Tuesday, October 5, 2010

"The New Normal" - Part II - Major Banks Halt Foreclosures in 23 States; Other Lenders Ordered to Review Processes in Widespread Allegations of Fraud

The "New Normal" in housing?  Expect unanticipated consequences. 

In the Charlottesville / Albemarle area and surrounding counties, bank-owned foreclosures typically sell quickly, within a few days of listing (especially single-family homes), because they are usually 10% - 50% less than privately-owned "comps." But:
  • What if the house is foreclosed...and then the mortgage holder discovers the bank didn't have a clear right to evict?
  • What if a new buyer purchases a foreclosure...and then discovers that the bank didn't have clear title to sell it?
This is exactly the scenario that is playing out--and will continue to do so for years,  in a scandal brought to the American people by big banks.

JP Morgan Chase, Bank of America, and Ally Bank (formerly GMAC, General Motors Acceptance Co., primarily owned now by Uncle Sam, have all halted foreclosures in 23 states because the legal professionals signing off on the foreclosure packages were giving signatures to so many thousands that they didn't bother to read them, and are also unable to produce complete documentation to prove ownership.  

Other major banks ordered by the Office of the Comptroller of the Currency to review procedure include Citibank, HSBC, PNC Bank, Wells Fargo, and US Bank.  And as a consequence, some major title insurance companies will no longer offer their services to foreclosure purchases.

For the widespread impact, read this from Google news:
"There is a potential for class action liability in the United States for billions and billions of dollars on behalf of homeowners who lost their homes in proceedings where lenders used these kinds of phony documents."
Even without massive lawsuits, the suspension was bound to damage the already fragile financial market and housing industry, [mortgage broker] Moskowitz said.
"It is going to encourage people who are in default already to drag it out. In most of the cases it means they will have to start the process again, even though actually speaking, they defaulted," he said.
"This isn't healthy for the market. It is unhealthy for the real estate market because the values are artificially high because all the foreclosures are not on the market yet."
"It is bad for the finance market because the lenders can't get their money for years. The losses for the banks will be much bigger."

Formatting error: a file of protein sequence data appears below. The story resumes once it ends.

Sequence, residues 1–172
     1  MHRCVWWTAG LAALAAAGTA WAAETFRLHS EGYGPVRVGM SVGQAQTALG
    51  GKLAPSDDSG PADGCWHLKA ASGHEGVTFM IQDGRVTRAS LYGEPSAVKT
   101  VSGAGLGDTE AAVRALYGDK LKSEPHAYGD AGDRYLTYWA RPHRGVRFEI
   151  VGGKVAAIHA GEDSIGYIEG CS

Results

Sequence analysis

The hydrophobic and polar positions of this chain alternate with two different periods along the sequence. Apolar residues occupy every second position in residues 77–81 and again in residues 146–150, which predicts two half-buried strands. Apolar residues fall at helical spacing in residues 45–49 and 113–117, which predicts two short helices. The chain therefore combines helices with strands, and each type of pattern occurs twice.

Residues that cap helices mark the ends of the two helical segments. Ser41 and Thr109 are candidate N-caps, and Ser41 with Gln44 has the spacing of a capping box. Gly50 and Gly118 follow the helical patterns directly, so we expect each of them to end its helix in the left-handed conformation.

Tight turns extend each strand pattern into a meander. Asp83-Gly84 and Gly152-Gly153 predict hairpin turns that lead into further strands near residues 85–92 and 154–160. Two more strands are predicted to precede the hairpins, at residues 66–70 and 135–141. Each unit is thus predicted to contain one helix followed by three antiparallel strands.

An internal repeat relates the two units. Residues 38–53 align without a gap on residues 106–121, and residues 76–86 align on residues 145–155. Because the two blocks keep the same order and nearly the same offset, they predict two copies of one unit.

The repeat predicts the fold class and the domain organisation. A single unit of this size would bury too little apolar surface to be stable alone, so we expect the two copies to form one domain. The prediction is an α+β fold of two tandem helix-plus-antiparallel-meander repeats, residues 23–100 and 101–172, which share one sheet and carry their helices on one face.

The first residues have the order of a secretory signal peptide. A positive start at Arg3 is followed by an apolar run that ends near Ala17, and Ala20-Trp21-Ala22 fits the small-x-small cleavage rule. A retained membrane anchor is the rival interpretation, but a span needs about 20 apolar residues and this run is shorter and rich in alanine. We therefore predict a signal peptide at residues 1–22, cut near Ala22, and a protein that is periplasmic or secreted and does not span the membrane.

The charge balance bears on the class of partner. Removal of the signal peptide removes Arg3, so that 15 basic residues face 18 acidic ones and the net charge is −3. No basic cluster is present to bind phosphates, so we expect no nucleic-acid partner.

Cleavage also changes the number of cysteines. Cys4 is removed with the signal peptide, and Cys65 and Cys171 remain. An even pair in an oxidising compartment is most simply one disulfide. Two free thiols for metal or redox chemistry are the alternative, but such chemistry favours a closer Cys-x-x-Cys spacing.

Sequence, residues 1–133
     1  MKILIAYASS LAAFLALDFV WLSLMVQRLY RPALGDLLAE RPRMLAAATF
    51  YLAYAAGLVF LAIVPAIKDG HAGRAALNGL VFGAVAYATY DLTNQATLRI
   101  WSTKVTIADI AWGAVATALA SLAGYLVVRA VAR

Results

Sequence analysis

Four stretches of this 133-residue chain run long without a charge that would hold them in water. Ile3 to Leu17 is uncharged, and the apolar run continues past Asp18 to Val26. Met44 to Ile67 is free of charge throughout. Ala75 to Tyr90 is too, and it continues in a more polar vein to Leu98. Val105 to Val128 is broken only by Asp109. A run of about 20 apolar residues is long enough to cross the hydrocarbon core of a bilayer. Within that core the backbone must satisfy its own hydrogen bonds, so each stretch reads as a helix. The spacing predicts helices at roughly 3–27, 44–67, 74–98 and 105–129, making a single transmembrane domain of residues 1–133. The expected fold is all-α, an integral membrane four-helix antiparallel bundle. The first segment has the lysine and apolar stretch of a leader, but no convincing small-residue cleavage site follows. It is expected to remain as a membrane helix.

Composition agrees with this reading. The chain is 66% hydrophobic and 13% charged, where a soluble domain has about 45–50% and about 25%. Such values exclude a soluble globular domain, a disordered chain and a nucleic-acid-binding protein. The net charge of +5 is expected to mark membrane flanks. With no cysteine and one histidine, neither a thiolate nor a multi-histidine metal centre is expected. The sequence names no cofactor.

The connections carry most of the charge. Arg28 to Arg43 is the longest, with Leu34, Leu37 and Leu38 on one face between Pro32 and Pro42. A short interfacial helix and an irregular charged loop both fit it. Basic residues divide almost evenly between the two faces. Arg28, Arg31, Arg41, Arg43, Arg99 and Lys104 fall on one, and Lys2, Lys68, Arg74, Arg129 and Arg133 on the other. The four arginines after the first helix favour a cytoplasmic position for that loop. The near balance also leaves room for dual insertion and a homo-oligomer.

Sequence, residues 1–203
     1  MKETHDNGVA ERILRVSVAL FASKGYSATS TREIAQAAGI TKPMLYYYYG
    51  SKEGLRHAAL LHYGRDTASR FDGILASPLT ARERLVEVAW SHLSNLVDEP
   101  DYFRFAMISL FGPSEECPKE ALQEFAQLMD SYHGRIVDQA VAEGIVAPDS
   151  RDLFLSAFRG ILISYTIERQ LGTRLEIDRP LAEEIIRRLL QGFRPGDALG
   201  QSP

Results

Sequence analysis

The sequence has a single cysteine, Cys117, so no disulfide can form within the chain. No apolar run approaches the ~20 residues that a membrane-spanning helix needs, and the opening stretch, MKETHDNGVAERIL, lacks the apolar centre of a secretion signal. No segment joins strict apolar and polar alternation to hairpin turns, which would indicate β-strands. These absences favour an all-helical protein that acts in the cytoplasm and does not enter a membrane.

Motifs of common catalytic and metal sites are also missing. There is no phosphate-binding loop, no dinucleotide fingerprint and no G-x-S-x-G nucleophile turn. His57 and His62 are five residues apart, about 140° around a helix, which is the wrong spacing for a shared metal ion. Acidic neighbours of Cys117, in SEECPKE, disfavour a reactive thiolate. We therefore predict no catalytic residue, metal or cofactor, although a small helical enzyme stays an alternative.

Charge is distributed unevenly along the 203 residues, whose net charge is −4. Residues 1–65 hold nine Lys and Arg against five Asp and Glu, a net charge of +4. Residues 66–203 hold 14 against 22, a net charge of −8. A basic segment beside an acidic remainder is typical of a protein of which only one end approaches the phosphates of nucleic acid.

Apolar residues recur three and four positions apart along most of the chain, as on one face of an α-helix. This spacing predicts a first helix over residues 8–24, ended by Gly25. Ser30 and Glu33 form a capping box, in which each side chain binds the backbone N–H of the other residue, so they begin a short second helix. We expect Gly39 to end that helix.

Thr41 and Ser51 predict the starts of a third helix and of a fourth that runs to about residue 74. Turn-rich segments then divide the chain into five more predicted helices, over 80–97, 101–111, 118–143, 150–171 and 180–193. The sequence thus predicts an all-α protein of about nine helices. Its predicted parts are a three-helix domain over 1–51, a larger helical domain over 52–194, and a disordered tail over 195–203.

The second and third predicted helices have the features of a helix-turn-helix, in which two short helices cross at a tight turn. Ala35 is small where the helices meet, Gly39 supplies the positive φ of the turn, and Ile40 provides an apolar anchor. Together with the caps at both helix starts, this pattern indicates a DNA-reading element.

Mark your calendar, because the housing "recovery" has just been set back several years.

Related Reading:

See current foreclosure offerings (caveat emptor, as is always the case) here and here and here.

Virginia has two kinds of foreclosure: Judicial, and Right to Sale.  Read

"7 Major Banks Ordered to Review Foreclosures" - WaPo

"Flawed Paperwork Aggravates the Foreclosure Crisis" - NYT 

'Foreclosure Errors Cloud Homeownership With Millions of "Blighted Titles"'  - Bloomberg

Title Insurer Will No Longer Do Foreclosures - NYT 


AliG said...

Any idea what this means for home prices? If the foreclosure process is held up, will that delay or even reverse a return of pricing to historical norms, since foreclosure sales has been one of the drivers for lower housing prices?

C'ville Bubble Blog said...

Foreclosures were leading the way in "accurately" valuing home prices--even in this area. As the process is now suspended, not only is there still a huge overhang of inventory (more so here than elsewhere), but the price reversion is interrupted.

Read Ritholtz on the problems facing the entire housing industry due to this:

"We are not discussing economic problems of too many homes for sale and falling prices. What is being discussed here is a full blown crisis underlying home titles, foreclosure procedures, and securtized mortgages. The rampant, epidemic and systemic abuse of legal property protections is now reaching a crisis."

Foreclosure Fraud Reveals Structural and Legal Crisis


Anonymous said...

Incredible foreclosure prices here now, seriously bringing a reality check to Albemarle county: 4 ac43w 1800 sq ft, $144k


Anonymous said...

looks about right to me. That house needs to be completely gutted not to mention that it is fugly. It's called depreciation. Homes in the city will learn what this is about- look at sales volume now imagine where prices need to be in order to have volume at a 2002 pace. You can apply that anywhere really.

Anonymous said...

It is next to an electric tower line.

Humpty said...


The smart ones will begin to drop their numbers dramatically to attract the small pool of qualified buyers, before the market drops down to the next pool of buyers. We will see steep declines over the next 18-24 months.

Cherry picking season is getting closer!

Anonymous said...

Every day the house doesn't sell it's worth less in this market. Sellers should be in a panic and their agents should get them to that state. Except many agents heads are still in the great dark place. New construction on a decent size costs less than the existing sh*t currently offered, which is priced to cover the seller's a$$. Pain now rolling through this market like a steamroller.